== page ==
2014, R, 106 mins.
2014, R, 106 mins.
Miles Teller as Andrew Neyman / J.K. Simmons as Terence Fletcher / Paul Reiser as Jim / Melissa Benoist as Nicole / Austin Stowell as Ryan
Written and directed by Damien Chazelle
WHIPLASH, at face value, is about jazz music, but deep at its core it’s more about fanatical obsession and a battle of egos and wills between two artists constantly vying for supremacy.
the student that’s willing to go to any extreme to achieve musical
excellence, but then there’s his mentor/instructor that’s equally
willing to painfully make a mockery of his protégé at every waking
Damien Chazelle, in his sophomore directorial effort, crafts WHIPLASH as
an electrifying and frequently shocking expose on unbridled artistic
ambition left fully unchecked and the toxically destructive
relationship between teacher and pupil.
The fact that it builds more nerve-jangling suspense than many
recent thrillers is to its credit.
seen so many countless iterations of the age-old teacher/pupil/education genre, which often wallows in overt sentimentality
and unavoidably becomes something shamelessly saccharine.
WHIPLASH has none of that going for it and instead emerges as a daring
and risk-taking cliché-busting original.
In this film the whole process by which the instructor imparts his
wisdom on his prized pupil becomes a verbally – and frequently
physically – abusive classroom battlefield.
Chazelle has no time to inject false moments of reconciliation
between his characters, nor does he take great pains to make viewers feel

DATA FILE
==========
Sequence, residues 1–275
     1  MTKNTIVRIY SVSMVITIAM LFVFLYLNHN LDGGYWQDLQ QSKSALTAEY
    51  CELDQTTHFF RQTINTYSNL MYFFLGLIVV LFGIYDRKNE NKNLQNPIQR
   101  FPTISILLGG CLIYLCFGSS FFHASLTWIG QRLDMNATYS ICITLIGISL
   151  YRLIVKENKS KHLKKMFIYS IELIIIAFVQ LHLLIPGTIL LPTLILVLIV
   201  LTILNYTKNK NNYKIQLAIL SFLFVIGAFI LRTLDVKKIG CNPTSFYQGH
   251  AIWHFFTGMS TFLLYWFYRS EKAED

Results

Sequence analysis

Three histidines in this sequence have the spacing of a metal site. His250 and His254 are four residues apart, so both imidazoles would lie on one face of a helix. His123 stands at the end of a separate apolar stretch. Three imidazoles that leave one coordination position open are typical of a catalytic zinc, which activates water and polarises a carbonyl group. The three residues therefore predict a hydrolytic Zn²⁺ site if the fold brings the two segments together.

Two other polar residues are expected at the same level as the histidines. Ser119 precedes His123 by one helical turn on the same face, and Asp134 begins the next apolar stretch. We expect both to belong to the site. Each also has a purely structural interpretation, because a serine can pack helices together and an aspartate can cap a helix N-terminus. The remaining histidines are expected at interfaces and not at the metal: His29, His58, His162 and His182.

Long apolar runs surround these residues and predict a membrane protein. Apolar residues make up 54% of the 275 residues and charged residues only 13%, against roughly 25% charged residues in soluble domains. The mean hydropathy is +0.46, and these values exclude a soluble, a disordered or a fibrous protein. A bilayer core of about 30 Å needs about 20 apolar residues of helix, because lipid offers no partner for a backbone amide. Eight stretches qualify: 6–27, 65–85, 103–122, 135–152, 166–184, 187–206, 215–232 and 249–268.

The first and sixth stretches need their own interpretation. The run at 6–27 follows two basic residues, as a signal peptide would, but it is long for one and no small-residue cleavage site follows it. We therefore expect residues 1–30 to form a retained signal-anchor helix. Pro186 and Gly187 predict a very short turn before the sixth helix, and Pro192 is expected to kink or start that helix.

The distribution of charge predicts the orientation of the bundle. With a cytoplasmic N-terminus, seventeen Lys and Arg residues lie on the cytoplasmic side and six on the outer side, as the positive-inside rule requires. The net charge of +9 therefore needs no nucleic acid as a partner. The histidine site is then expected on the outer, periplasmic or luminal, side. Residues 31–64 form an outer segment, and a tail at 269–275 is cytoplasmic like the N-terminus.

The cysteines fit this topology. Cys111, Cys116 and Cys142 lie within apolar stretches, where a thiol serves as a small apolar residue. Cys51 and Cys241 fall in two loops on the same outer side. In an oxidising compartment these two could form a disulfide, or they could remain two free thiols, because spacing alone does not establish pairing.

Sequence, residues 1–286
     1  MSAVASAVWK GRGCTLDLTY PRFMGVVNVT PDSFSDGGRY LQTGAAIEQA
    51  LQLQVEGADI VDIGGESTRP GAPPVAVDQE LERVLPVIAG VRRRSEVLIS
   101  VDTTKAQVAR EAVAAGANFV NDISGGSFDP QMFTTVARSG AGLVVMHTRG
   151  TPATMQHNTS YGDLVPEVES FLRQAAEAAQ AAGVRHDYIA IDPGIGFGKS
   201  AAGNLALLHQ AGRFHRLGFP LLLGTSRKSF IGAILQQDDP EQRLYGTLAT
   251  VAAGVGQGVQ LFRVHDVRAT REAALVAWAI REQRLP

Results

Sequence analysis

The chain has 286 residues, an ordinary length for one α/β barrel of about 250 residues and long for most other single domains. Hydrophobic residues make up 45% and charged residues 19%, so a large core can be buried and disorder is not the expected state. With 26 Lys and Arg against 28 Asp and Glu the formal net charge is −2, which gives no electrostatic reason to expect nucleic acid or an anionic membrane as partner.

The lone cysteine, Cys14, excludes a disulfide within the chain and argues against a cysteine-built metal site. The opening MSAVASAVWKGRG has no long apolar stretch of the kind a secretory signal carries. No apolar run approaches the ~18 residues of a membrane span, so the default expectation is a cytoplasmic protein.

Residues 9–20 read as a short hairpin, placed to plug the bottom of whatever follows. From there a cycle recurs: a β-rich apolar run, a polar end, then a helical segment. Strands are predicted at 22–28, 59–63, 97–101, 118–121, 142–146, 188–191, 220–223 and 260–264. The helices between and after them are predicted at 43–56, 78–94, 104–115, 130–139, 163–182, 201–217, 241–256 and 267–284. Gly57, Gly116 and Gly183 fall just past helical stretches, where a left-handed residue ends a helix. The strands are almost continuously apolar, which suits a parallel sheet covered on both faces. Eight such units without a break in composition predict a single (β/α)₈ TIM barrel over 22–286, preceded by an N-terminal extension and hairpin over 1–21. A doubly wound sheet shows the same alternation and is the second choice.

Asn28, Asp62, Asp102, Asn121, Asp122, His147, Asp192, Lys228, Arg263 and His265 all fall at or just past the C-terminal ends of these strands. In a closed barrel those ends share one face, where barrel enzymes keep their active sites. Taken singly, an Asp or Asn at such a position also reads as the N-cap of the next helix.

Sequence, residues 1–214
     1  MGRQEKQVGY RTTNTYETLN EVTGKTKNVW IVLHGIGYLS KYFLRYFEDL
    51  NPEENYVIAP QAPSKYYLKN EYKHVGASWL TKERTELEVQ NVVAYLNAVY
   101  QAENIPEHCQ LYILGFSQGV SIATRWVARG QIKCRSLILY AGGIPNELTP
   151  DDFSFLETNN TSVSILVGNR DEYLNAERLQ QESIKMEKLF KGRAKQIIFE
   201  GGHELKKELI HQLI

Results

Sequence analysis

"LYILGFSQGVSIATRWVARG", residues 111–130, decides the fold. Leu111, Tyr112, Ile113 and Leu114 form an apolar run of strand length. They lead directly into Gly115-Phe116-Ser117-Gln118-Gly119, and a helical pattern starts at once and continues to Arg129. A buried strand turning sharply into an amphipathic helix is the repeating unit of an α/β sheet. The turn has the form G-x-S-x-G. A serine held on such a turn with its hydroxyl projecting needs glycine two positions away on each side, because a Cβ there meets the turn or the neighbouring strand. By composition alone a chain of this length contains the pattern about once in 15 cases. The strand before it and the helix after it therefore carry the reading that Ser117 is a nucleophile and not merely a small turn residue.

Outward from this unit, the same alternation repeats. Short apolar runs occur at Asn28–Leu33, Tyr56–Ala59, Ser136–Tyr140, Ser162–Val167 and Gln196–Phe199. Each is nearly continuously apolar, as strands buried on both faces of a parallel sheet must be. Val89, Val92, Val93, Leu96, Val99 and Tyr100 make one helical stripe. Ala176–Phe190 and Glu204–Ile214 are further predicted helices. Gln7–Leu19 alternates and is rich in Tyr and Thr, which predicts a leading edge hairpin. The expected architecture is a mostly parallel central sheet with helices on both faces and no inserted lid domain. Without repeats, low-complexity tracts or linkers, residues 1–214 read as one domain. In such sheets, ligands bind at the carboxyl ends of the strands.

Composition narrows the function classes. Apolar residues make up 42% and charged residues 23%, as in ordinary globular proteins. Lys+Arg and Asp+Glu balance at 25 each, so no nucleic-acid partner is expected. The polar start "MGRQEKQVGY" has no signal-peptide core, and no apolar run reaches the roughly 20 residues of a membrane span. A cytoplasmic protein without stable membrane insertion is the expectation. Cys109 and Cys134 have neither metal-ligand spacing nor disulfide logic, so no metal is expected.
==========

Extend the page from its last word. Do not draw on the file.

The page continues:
“good” about the film’s central relationship.
No, unlike just about every other similar genre film out there,
WHIPLASH takes macabre relish in making the audience feel as squirm-inducingly
ill-at-ease as possible, which ultimately gives the film so many complex
layers of intrigue.
film is also populated by two of the most completely committed and
fearless performances of 2014 by Miles Teller and J.K. Simmons playing the
aforementioned student/teacher respectively.
Teller plays Andrew Newman, a shy, introverted, but deeply
ambitious 19-year-old student at Shaffer Conservatory, one of the most
prestigious musical universities in the country.
He dreams one day of becoming the next great jazz drummer, but has
always had difficulty gaining the attention of his peers and the school
It’s clear that he has the drive and talent, but needs expert
instruction to get to the next level.
He practices day and night to sharpen and hone his skills, and even
though he gets ample support from his father (a nicely restrained Paul
Reiser), he grows more dejected and dissatisfied by the day.